The luxury baker and tearoom operator claims to have invented the Parisian version of the round little cake in 1862 when the bakery's founder opened a first shop on Rue Royale. Popular flavors include vanilla, pistachio, salted butter caramel, and dark chocolate, but for the more adventurous tasters among you, why not try eclectic flavors such as chocolate yuzu, which marries eastern and western palates. Other flavors to try stretching your palate with include bergamot tea, passionfruit, orange blossom, or the "Marie Antoinette" macaron with notes of tea, citrus, honey and rose. You can also sample a selection of chocolate-covered macarons.
There are several locations in Paris, including a flagship bakery and tearoom situated on Rue Royale and another on the posh Avenue des Champs-Elysees.
One of Paris's best chocolate makers, Jean-Paul Hévin has taken on the more established macaron-makers in the city with his own selection of creative and delicious varieties. Numerous French critics and gourmet publications have called his macarons some of the best around.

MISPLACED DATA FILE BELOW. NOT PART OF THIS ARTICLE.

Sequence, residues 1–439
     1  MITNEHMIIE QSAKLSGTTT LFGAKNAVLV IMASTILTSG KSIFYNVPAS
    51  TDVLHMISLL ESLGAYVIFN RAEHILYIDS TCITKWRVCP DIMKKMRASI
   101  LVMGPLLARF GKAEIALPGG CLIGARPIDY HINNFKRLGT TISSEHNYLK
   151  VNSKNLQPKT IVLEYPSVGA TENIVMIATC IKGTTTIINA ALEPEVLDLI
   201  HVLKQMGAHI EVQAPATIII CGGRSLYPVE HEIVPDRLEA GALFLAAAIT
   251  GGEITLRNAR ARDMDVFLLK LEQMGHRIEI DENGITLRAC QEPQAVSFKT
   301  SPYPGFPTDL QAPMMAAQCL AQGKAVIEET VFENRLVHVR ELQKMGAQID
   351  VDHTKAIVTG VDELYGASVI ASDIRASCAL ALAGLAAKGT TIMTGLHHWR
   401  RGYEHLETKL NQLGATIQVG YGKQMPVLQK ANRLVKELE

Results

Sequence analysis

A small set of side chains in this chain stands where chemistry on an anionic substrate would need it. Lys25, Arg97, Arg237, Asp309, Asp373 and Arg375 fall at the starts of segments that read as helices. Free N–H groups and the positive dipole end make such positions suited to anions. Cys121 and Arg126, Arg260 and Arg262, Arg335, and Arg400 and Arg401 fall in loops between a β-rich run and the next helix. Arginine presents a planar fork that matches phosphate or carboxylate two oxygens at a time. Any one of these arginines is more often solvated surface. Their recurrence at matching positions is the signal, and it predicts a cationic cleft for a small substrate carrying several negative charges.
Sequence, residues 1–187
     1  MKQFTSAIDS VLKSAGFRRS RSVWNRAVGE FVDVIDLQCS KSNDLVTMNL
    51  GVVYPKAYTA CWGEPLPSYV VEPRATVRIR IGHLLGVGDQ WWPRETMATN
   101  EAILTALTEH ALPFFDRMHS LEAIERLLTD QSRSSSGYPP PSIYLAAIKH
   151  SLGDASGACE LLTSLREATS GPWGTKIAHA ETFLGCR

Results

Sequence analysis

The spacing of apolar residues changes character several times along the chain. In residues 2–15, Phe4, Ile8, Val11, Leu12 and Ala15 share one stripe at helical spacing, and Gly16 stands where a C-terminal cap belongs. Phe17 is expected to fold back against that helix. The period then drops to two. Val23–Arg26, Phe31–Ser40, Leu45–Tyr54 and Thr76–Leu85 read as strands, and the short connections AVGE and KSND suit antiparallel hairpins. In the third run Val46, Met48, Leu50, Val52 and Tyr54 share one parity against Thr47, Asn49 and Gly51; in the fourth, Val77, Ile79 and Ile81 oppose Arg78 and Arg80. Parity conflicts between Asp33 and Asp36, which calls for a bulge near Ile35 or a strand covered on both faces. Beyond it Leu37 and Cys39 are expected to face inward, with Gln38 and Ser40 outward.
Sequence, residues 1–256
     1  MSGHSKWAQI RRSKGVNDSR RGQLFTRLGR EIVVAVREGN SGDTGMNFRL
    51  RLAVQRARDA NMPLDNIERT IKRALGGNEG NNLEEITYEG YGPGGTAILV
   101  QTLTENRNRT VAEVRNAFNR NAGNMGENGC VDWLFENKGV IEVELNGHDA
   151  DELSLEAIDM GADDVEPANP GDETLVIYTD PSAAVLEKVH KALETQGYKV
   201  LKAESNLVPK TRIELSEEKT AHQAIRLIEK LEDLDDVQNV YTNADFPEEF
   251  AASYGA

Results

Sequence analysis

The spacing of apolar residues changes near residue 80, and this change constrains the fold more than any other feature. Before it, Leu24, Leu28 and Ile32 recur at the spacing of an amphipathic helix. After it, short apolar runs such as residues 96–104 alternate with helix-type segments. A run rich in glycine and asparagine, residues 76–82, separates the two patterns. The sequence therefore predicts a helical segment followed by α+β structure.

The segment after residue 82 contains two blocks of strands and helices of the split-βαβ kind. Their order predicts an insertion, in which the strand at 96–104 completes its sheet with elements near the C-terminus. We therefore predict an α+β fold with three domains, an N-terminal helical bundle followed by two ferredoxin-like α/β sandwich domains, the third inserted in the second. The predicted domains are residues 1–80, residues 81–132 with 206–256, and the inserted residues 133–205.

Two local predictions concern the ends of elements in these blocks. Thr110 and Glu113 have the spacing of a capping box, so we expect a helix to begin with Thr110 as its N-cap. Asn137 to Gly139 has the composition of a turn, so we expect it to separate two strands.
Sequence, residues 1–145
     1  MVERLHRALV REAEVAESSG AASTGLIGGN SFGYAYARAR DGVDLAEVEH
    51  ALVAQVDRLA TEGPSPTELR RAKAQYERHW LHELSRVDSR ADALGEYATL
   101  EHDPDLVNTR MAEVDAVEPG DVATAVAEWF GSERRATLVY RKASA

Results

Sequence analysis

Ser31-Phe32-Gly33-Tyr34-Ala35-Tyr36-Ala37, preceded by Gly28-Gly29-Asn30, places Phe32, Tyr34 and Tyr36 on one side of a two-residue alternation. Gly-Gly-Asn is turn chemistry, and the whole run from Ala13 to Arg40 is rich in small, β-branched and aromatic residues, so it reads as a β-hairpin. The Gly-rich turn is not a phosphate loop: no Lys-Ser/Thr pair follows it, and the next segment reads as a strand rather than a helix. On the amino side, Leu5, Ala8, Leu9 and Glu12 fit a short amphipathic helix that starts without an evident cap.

His rich chocolate varieties are especially recommended given the high attention to sourcing only the best grades of chocolate (and their ultra-tempting, creamy ganache fillings), but he also peddles some more eclectic flavors. A few to try in your own box include fig, creme brulée, mango-coriander and orange, passionfruit, dark and milk chocolate.
Travel Tip: Jean-Paul Hévin has a boutique is located in an area known for its gourmet addresses, in close range of chocolate makers such as Michel Cluizel (at 201 rue Saint-Honore), and not far from the original Ladureé shop, bakery, and tearoom at 16 rue Royale.
The macarons at this elegant Franco-Russian tearoom on the Place de la Madeleine have won accolades for their perfectly crunchy, airy shells and fresh, almost liquid-like interiors.
Classics to try alongside a cup of steaming gourmet tea at the opulent, old-world dining room include pistachio and praline. More creative flavors include the house's series of yoghurt-based macarons, tinged with notes of apricot, cherry, strawberry or grapefruit. Daring palates can sink their teeth into flavors such as verbena-cherry, "Morse cranberry," and orange blossom.
While the Café Pouchkine has only been open since 1999, it's already become something of an institution in the capital. Why not enjoy a French and Russian-inspired lunch or high tea at the main location or the house's two other tearooms, and either enjoy some macarons for dessert or take home a box?